There were 68 venues that were in the Naming Rights Index. There were seven companies that had their name on more than one venue.

Of the remaining 54 potential venues, four were public companies (three Canadian and one Japanese) that did not offer a U.S.-traded liquid security. There were 21 venues, such as Madison Square Garden, that have not chosen to sell their naming rights yet. Examples of the 17 that were sold to a private or mutual company would include Petco Park, Sports Authority Field, or Safeco Field. Finally, 12 teams played in venues that were shared by two or more tenants – these are mostly hockey and basketball teams, as in TD Garden in Boston.

Why should we believe that these companies could continue to outperform the market?

There is, of course, no rational reason to believe that having your name on a stadium would make your stock outperform the market. It is rational to believe, however, that the sort of company that would have the means to afford the naming rights, and the product offering that would benefit from increased name recognition, could be a company that would be well-positioned in the stock market.

In the past, naming rights have been bought by three types of companies: 1) local companies that were based in a particular location, 2) national brands that wanted the cache of being associated with an important venue, or 3) up and coming “dot-coms” using “funny money” to pay for the naming rights. This third type is basically over as insane internet valuations are, by and large, a thing of the past, and stadium authorities are leery of the sustainability of those instant companies.

The current roster of naming rights companies share characteristics with the most successful investments of the past ten years. They are 1) large companies, 2) consumer facing, and 3) international in sales. The average market capitalization of the companies in the index is $69 billion, versus $36 billion for the S&P.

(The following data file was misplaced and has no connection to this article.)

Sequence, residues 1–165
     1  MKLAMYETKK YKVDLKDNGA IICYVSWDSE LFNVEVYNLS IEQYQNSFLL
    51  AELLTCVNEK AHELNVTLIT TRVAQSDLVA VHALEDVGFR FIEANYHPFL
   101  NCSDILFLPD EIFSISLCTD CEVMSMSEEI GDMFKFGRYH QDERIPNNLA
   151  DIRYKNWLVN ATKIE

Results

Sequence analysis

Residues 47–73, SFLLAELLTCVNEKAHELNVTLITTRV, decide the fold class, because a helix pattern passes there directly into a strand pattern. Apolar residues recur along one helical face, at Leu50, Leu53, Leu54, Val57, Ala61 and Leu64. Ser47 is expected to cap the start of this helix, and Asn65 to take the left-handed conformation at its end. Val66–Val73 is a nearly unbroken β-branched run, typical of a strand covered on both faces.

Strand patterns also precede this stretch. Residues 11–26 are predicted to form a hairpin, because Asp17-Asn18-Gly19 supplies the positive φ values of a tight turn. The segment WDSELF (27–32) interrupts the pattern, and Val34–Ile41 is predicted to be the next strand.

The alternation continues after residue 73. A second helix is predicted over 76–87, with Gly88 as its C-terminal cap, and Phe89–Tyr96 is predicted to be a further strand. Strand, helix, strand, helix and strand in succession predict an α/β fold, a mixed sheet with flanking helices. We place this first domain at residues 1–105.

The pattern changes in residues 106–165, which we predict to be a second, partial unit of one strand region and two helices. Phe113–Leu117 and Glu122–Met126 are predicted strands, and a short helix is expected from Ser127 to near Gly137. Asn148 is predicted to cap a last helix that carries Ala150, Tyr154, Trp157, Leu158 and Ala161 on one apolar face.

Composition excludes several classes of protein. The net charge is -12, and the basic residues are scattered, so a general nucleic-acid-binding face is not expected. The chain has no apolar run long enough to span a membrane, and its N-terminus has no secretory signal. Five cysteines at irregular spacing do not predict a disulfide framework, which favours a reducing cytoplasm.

Of the 68 companies in the current index, the constituents are dominated by banks (17), media/telecom (10), insurance (9), beverage (6), energy (5), and the rest split evenly amongst airlines, autos, consumer products, consumer services, retailers, and technology.

Appendix 1: Ira Malis’ experience:

  • Sell side insurance analyst for Alex. Brown & Sons. – 1985-1996
  • Associate Director of Research for BT (Bankers Trust) Alex. Brown 1996-1998
  • Portfolio Manager for Prospector Partners 1998-1999
  • Sell-Side Director of Research for Legg Mason Wood Walker 2000-2004
  • Buy-Side Director of Research for Legg Mason Capital Management 2004-2007
  • Managing Director for Stifel Nicolaus Capital Markets 2007-2010
  • Co-Head of Institutional Sales for Stifel Nicolaus 2010-2013

In addition, since 2007, Ira has served on the Board of Directors, and the Audit Committee, of OneBeacon Insurance Group Ltd., a New York Stock Exchange Listed Company (NYSE:OB).

If you would like to learn more about Ira’s calculations, please email RyanGlasspiegel [at] GMail and he will connect you.

[Graphics by Evan Russell/USA Today Sports]